News World When hellfire hit Paradise: Donald Trump surveys fire-ravaged California
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When hellfire hit Paradise: Donald Trump surveys fire-ravaged California

A scowling President Donald Trump surveys the wreckage and rubble of fire-ravaged Paradise. Photo: AP/Evan Vucci
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US President Donald Trump has toured areas scorched by wildfires in northern California as officials struggled to account for 1276 people still reported as missing.

“Nobody would have ever thought this would have happened,” Trump said while standing in front of burned-out structures in Paradise, a community razed to little more than a memory by the all-consuming flames.

“This is very sad to see it. As far as the lives are concerned, nobody knows quite yet. We’re up to a certain number but we have a lot of people who aren’t accounted for,” he said.

The confirmed death toll for wildfires across the state now stands at 76, with all indications and expectations suggesting it will continue to mount as search teams continue their grim quest for bodies.

Donald Trump strides through ash of paradise, the town wiped completely off the map. Photo: AP/Evan Vucci

Sixty-three bodies have been tentatively identified, pending DNA confirmation — although authorities have cautioned that some victims were so badly incinerated only dental records might be able to identify them..

Butte County Sheriff Kory Honea said much of the increase in the number of missing was due to his office’s efforts to comb through a backlog of emergency calls that came in during the first hours of the fire on November 8.

He said officials were sifting through the list for duplications and people who are known to have fled. Some 380 people had been located and taken off the list since Friday, he said, even as hundreds of fresh names were added.

Mr Trump surveyed the devastation left by the Camp Fire, which broke out more than a week ago north of the state capital Sacramento and descended in the dead of night on sleepy Paradise, a mecca for retirees and seniors and formerly home to nearly 27,000 residents.

Emergency officials fear the limited mobility of many Paradise seniors doomed them when they were overtaken by the fast-moving fire front..

In the Woolsey Fire near Los Angeles, three people have been confirmed dead, according to CalFire authorities.

After Air Force One emerged from a smoky haze to land at a nearby military base, Trump boarded his Marine One helicopter and flew over fire-ravaged Butte County before landing at Chico Municipal Airport.

From there his motorcade made the 30-minute drive to Paradise, where he saw first-hand the ash and charred rubble.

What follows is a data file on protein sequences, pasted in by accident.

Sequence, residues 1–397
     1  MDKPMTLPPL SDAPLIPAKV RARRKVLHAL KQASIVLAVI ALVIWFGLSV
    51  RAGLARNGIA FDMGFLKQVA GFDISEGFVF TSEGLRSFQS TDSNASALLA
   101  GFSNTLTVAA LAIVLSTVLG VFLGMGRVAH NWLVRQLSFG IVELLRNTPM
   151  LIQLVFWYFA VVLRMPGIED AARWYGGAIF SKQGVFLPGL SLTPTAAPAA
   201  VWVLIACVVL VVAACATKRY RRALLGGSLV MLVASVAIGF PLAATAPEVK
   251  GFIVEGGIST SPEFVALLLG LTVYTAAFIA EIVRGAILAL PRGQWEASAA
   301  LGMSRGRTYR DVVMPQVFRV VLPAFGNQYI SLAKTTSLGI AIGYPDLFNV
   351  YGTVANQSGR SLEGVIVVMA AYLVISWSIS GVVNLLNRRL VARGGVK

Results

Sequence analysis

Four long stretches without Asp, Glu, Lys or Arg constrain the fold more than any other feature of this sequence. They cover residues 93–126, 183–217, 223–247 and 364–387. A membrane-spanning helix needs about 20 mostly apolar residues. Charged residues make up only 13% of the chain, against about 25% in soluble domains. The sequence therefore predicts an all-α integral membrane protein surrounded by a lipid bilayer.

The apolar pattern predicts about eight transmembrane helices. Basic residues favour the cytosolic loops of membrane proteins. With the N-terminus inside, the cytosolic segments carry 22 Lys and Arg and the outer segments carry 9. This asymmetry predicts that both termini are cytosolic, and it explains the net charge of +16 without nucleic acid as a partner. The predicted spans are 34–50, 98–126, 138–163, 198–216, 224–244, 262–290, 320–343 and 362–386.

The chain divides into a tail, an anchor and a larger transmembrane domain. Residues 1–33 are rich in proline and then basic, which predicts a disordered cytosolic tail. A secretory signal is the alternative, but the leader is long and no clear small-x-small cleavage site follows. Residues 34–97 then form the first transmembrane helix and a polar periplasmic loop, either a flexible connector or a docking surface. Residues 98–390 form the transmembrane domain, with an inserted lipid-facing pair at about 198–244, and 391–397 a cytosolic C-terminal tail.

He was joined by California Governor Jerry Brown, Governor-Elect Gavin Newsom and Brock Long, the head of the Federal Emergency Management Agency (FEMA), amongst others.

Trump had drawn criticism for earlier comments he made on Twitter about the fires, blaming poor forest management for the “massive, deadly and costly forest fires” and threatening to withhold funding if the “gross mismanagement” was not remedied.

But while standing among the ruins of the Camp Fire, Trump said everyone was “on the same path.”

“What needs to be done is being done,” Governor Brown said in response to reporters’ questions.

Trump then met with officials at a fire command centre in Chico, where he described what he had just seen as “total devastation.”

The president, who has long expressed doubts about human-caused climate change, was asked by a reporter whether his views had changed in light of the fires. “No, no!” he said.

The Camp and Woolsey fires have destroyed more than 100,000 hectares of land and more than 10,000 residences and buildings, according to Cal Fire authorities. As of Saturday, the Camp Fire was only 55-per-cent contained.

Meanwhile, San Francisco and other nearby towns and cities were shrouded in thick smoke. City authorities are describing the air as “very unhealthy” and have told people to remain indoors unless there are pressing reasons to venture outside.

The Camp Fire has become California’s deadliest and most destructive, far exceeding the toll of the 1933 Griffith Park blaze in Los Angeles County that killed 29.

Hundreds of evacuees are being housed in 14 emergency shelters set up in churches, schools and community centres around the region, with more than 46,000 people remaining under evacuation orders, authorities said.

Scientists have said the growing frequency and intensity of wildfires in California and elsewhere across the West are largely attributable to prolonged drought that is symptomatic of the climate change Mr Trump rejected when he took the US out of the Paris Accords intended to limit global emissions.

-AAP